Did you know that a fork can support an entire farm? LifeSource shoppers use their forks to support 75 head of cattle, 25 hogs, and a husband, wife and son every time they purchase beef or pork from Lonely Lane Farms. Those must be some very strong tines! Here is a story of the “tines that bind” us to one of our local meat suppliers, Lonely Lane.
Mike and Patty Kloft, operators of Lonely Lane Farms, carry on a farming tradition that began in 1890 when Patty’s great-grandfather, Joseph Bochsler, purchased 160 acres of farmland near Mt. Angel. The family raised cattle, dairy cows, grain, hay and hogs. In 1939 Mike’s grandfather purchased Lonely Lane Farm. The farm ran dairy cattle until the 1980s when they switched to beef cattle. With Mike and Patty’s marriage joining the two families, the farm has been in the same family for over 120 years!
While counting generations and years of farming is impressive, when I recently visited Mike and Patty at their farm I quickly became dreamy-eyed as I learned more about their approach to working the land and working with animals.
Back in college I took a series of courses on “Leadership for Sustainability” while at Portland State University. One class was offered by professors who were also part-time farmers. After visiting their farm I volunteered to start working for them the very next week—I was hooked! They raised alpacas, and as I learned more about sustainable farming practices, questions started to pop up. How sustainable is it to purchase hay and feed from other farms? How do we keep nutrients on the farm? What effect does producing only one crop have over time (even if it is the cutest darn thing you have ever seen)?
These questions led me to work for a number of other farms, mostly with livestock, but also for farms growing vegetables and cereal crops. I started to see that the most sustainable farm—the kind that would last for a century or more- needed to be self-reliant and flexible in the face of changing markets, changing weather, and ever changing availability of seeds, breeding stock and other farm inputs.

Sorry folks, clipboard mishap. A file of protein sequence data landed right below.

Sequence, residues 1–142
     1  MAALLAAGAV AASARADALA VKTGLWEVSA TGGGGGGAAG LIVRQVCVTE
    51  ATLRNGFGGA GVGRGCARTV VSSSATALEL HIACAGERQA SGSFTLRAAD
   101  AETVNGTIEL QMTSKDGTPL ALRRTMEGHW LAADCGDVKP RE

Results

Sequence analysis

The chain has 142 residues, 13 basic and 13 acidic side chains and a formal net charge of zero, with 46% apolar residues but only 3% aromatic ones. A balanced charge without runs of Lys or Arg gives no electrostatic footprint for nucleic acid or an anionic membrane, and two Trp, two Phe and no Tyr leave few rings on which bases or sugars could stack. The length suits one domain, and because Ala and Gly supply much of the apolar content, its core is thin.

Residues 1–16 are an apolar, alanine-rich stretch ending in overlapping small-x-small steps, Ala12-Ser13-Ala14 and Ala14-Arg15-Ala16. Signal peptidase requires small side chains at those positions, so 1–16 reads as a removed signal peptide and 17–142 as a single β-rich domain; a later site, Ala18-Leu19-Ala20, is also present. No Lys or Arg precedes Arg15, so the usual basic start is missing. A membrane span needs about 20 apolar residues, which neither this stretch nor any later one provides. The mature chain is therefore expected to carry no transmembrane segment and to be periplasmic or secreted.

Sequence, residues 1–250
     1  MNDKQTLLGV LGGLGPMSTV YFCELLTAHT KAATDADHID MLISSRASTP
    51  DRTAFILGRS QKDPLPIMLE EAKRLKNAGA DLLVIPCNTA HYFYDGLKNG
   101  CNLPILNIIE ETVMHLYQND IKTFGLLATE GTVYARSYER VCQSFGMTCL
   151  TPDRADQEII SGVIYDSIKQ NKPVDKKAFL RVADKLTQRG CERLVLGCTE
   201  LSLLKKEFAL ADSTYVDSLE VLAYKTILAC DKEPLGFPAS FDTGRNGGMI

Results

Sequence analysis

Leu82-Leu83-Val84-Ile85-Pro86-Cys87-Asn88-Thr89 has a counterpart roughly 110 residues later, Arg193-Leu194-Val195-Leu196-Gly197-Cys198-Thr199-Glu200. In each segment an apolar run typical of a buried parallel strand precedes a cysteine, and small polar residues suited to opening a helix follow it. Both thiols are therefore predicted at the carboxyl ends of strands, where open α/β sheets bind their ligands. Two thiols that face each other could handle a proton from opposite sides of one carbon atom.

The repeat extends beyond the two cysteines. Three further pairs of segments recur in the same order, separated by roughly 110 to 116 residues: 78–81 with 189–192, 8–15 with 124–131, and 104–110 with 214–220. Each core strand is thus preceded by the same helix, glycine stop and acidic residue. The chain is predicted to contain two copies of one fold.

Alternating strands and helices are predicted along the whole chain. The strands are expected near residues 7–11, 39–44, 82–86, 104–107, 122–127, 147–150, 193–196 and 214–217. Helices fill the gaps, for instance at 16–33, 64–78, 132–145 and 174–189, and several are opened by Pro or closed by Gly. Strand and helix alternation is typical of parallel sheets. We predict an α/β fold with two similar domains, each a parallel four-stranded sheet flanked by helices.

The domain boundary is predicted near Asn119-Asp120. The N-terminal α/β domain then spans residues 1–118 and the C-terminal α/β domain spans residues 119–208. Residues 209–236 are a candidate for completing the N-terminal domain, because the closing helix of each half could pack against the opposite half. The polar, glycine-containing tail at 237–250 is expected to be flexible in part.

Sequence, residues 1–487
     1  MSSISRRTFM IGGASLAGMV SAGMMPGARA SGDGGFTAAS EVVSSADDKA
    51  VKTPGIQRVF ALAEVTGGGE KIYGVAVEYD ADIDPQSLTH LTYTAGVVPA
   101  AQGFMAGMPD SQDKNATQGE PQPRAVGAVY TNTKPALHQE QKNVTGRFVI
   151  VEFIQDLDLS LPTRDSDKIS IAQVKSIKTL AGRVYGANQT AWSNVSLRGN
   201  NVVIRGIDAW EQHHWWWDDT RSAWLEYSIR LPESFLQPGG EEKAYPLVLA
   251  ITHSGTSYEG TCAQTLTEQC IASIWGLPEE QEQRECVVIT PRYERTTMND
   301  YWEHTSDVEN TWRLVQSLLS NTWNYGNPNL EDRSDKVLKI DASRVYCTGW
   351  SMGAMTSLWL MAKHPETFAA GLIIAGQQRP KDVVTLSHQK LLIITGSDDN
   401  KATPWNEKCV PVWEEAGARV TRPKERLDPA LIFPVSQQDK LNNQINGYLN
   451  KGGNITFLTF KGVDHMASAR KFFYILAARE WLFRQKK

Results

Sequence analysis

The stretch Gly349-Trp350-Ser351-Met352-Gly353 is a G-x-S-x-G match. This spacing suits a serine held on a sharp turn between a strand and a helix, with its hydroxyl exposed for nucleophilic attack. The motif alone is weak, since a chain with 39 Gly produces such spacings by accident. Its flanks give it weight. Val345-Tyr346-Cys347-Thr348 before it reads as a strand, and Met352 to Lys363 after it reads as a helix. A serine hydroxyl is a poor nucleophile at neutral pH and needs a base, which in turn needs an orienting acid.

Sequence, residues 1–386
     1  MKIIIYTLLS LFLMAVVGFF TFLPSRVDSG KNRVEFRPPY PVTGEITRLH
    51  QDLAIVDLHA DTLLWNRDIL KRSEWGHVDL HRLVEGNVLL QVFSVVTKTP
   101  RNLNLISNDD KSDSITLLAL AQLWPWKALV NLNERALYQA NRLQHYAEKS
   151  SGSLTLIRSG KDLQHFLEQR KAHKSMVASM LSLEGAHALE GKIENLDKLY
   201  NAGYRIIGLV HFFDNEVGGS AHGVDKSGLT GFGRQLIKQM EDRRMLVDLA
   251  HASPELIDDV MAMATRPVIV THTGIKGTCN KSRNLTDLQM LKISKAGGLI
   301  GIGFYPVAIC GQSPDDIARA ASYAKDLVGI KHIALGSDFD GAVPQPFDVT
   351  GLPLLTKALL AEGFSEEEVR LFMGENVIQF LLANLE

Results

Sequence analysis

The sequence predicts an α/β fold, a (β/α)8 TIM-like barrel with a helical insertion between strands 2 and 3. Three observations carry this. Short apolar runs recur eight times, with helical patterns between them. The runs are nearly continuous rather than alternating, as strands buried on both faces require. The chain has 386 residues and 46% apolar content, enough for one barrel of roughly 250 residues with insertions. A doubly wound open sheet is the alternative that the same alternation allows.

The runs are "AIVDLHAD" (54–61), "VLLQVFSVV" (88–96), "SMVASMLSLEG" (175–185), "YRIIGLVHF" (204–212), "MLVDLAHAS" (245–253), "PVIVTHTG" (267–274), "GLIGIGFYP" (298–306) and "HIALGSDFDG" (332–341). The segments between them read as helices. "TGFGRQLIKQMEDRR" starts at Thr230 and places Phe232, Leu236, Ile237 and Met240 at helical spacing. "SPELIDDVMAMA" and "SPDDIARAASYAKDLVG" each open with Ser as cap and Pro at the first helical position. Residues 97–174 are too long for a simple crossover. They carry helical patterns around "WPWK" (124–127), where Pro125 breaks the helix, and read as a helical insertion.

Fast forward from being a busy-brained college student to being part of the meat buying team at LifeSource where I work with local farmers and ranchers to provide fresh, high-quality meat to shoppers. And I find myself at Lonely Lane Farms. And I am in awe. Mike and Patty’s operation is a shining, yet humble, example of a self-reliant farm prepared to stand the test of time.
Lonely Lane’s stability begins with how they use the land. They practice crop rotation to ensure that the nutrients the plants pull from the soil by one crop are replenished by the next. They plant a diverse selection of forage crops including oat, grass, alfalfa and wheat that all give something unique back to the land and provide all of the feed needed for the animals. Mike also began using only non-GMO seeds for his crops in the late 90s, before genetic modification was on the radar for many people. All of the feed raised for the animals contains no GMOs.
The Klofts raise select breeds for their ability to thrive on pasture. I’m a bit of a breed geek , so I made sure to ask Patty what breeds of hogs her family raises. Her reply was great: “Pure bred mutt!” Their hogs have a direct lineage back to the first sows her great-grandfather owned in 1890. Over the years they have mixed in genetics that make for hogs that can survive and thrive on a diverse diet and be outdoors. As for their cattle, it’s a pretty sure bet that those that are gentle to work with, like to eat what’s in the pasture and can withstand an Oregon winter will weather the changes of time. Mike and Patty’s choice of Hereford cattle fit that bill nicely.
For Lonely Lane, self-reliance also meant building their own USDA-inspected meat processing and packaging plant. Initially Mike, Patty and Mike’s mother were all trained in butchering, allowing them to personally cut, handle and inspect every piece of meat that the farm sold. This allows for ultimate quality control and far less waste. They are also able to help other local ranches by offering the plant for their processing needs, serving 5 to 7 other farms every week.
Next time you make a meat purchase consider agriculture as a four legged chair. One leg represents the land. One leg represents the crop. The third leg represents the farmer. All of these legs must be strong and stable to hold up the chair, but they all ultimately rely on the fourth leg—the fork. Regardless of how self-reliant, how sustainable, how homegrown a farm can be, ultimately all farms rely on consumers to pull up a chair to the table with a fork in hand. These are the tines that bind.